Bradley v. Tulalip Tribes

10 Am. Tribal Law 283 | Tulalip Court of Appeals | 2012

OPINION

NASH, J.:

I. Factual and Procedural History

This case has a history that extends back over several years and has its basis in a separate criminal case in which the Appellant here was a defendant. It appears that in 2009, federal criminal charges were filed against Appellant’s son. Those charges were subsequently dismissed by the United States Attorney’s Office. On November 20, 2009, the Appellee Tulalip Tribes filed a criminal eomplaint against the Appellant based upon the same allegations made in the federal charges against her son. The complaint against Appellant contained 14 charges involving 58 counts.1 *285An eleven day jury trial was held in June, 2010. Verdicts of not guilty were returned by the jury on all charges. A Judgment of Acquittal was signed and filed by the Court on June 23, 2010. As part of that criminal ease, the tribal trial court entered a protective order on February, 2010, which presumably prohibits the disclosure of any information in the record of that case without an order of the Tulalip Tribal Court. Presumably, this order is in effect in perpetuity. These conclusions are presumed here because this Court has not seen that protective order. Neither counsel for the parties in this case (Appellant had different counsel in the criminal case) has seen the protective order, again presumably, because it is part of the record in the criminal case that is the subject of the protective order.

Appellant filed a “Complaint for Damages under Tulalip Tort Claims Act” on March 16, 2011. The Complaint names the “Tulalip Tribes and John and Jane Does 1-20, et al.” as defendants. The Complaint alleges that the unnamed defendants are “unknown individuals who performed acts outside the scope of their authority as employees or agents of Defendant Tulalip Tribes, which unauthorized acts injured Plaintiff....” (12.3) The Complaint further alleges, among other things, that the defendants did no independent investigation of the facts used as the basis for the charges against the Appellant (¶ 3.5); that the criminal proceedings against the Appellant “were designed to accomplish a purpose other than bringing an offender to justice” (¶ 3.9); that “there was no probable cause for the (criminal) proceedings ...” (¶3.10); that the proceedings “constitute an abuse of process....” (¶3.11); and that defendant’s actions “constitute a wrongful prosecution of criminal proceedings ...” against the Appellant (f 3.12). The complaint further alleges that discovery will lead to additional causes of action and reserves the right to amend the Complaint (¶ 3.13). The Complaint seeks damages in excess of $175,840.00, the total to be proven at trial, (f 3.15).

Tort claims against the Tulalip Tribe are governed by the Tribes’ Tort Claims Ordinance (Ordinance 122). That Ordinance defines the procedures that are required for any person seeking to bring a tort claim against the Tribes. Section 4(a) requires that a written notice be provided prior to any action being brought in tribal court. Section 4(b)(1) provides that the notice include the name, address and telephone number of the claimant and the claimant’s attorney, if any. The Ordinance further requires:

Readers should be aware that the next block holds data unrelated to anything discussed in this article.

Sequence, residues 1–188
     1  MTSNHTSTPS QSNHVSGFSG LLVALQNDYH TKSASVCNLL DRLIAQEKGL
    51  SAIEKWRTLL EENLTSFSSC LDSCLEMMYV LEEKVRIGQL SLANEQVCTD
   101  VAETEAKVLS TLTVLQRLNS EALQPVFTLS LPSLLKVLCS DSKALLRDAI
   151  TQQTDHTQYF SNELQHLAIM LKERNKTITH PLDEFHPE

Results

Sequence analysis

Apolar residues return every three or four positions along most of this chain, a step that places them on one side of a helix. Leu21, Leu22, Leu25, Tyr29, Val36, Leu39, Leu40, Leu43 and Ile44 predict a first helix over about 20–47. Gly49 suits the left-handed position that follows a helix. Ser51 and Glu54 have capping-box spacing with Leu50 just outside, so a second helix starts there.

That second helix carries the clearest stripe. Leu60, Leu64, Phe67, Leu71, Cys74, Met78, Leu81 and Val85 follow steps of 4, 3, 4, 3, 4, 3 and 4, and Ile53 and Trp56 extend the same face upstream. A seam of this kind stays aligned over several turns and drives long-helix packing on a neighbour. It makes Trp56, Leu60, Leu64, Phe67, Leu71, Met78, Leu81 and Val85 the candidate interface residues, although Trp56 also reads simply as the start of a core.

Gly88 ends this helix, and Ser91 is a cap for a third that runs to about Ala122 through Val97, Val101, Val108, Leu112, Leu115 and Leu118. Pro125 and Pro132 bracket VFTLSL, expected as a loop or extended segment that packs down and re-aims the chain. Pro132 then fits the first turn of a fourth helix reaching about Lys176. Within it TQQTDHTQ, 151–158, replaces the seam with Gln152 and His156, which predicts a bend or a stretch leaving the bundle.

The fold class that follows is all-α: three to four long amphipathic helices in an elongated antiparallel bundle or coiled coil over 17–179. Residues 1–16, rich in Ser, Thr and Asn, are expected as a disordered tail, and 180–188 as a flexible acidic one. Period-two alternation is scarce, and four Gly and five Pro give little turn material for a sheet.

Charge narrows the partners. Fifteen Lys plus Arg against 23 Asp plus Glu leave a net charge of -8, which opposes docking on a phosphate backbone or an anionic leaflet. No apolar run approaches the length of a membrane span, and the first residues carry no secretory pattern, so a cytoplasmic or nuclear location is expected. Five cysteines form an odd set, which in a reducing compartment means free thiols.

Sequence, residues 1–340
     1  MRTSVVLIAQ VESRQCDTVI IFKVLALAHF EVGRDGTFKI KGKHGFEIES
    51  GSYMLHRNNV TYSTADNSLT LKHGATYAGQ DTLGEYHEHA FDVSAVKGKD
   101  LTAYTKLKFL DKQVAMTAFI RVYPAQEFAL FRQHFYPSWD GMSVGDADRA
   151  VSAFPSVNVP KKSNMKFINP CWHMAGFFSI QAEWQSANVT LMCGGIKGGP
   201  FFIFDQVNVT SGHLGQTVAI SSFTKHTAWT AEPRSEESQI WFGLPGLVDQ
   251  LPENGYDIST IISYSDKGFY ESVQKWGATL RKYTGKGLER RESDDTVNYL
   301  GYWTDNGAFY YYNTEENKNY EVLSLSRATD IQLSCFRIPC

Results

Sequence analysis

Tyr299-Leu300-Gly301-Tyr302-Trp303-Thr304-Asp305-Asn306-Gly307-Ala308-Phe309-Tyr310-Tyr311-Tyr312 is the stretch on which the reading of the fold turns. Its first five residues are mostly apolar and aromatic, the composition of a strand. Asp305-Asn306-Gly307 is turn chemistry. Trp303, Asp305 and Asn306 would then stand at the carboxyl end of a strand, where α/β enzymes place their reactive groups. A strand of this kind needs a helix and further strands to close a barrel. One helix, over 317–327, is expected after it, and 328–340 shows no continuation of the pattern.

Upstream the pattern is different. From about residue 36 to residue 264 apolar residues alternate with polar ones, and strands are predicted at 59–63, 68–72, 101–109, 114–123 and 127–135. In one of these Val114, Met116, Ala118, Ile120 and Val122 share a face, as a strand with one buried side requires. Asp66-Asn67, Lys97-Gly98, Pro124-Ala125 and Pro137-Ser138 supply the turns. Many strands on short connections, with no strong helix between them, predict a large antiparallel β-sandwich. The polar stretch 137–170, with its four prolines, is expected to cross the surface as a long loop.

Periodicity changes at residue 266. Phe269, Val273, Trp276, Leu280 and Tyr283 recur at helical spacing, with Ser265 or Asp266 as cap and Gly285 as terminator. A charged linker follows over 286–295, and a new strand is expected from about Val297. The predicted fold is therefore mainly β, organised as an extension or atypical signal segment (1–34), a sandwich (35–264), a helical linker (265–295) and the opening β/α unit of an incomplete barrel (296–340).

A concise statement describing the location, conduct, circumstances or other facts which brought about the injury; describing the injury; stating the time and place of the injury; stating the name of any Tribal employee involved, if known, and the name, address and telephone number, if known, of any other person involved or who has knowledge of the conduct, circumstances, facts or injury; and stating that amount of damages claimed.

Ordinance 122, Section 4(b)(2).

The record contains an undated written statement allegedly prepared and delivered by the Appellant prior to the filing of her case before the Tribal Court (Complaint ¶ 3.16) which describes the history of events leading up to her filing the Complaint. The timing and serving of the statement has not been disputed by the Appellee. A Proof of Compliance with the Tulalip Tribal Tort Claims Act was filed by Appellant’s counsel on March 16, 2011, *286stating that the notice had been served by certified mail to the Chairman and Secretary of the Tulalip Board of Directors and the Office of the Tribal Attorney.

Appellant’s Complaint in this case alleges that she and her counsel were unable to provide more specific factual allegations because of the protective order that had sealed the record in the underlying criminal case. Complaint f 3.8. Appellant filed a Motion to Unseal File on May 9, 2011, seeking authorization to review the record in that case. That motion was denied in the final paragraph of the trial court’s May 27, 2011 Order dismissing the Complaint. On June 10, 2011, while a Motion for Reconsideration was pending in the civil matter, a motion was filed ex parte by the tribal prosecutor under the caption of the criminal proceeding seeking authorization to provide a copy of the “Permanent Protective Order” to counsel for the Tribes, but not to counsel for Appellant. The prosecutor’s motion sets forth no justification for it being filed ex parte, and there is no documentation in the civil case file that the prosecutor’s motion or the court order denying it was ever provided to Appellant. The prosecutor’s motion was denied on the same day as it was filed by a judge who was not presiding over the civil case in an order filed under the caption of the criminal proceeding. The basis for denying the motion was that “for the motion to be heard notice must be given to the parties and the alleged victim.” Order on Hearing, June 10, 2011, Case No. TUL-Cr-SO-2009-0791 and -0792.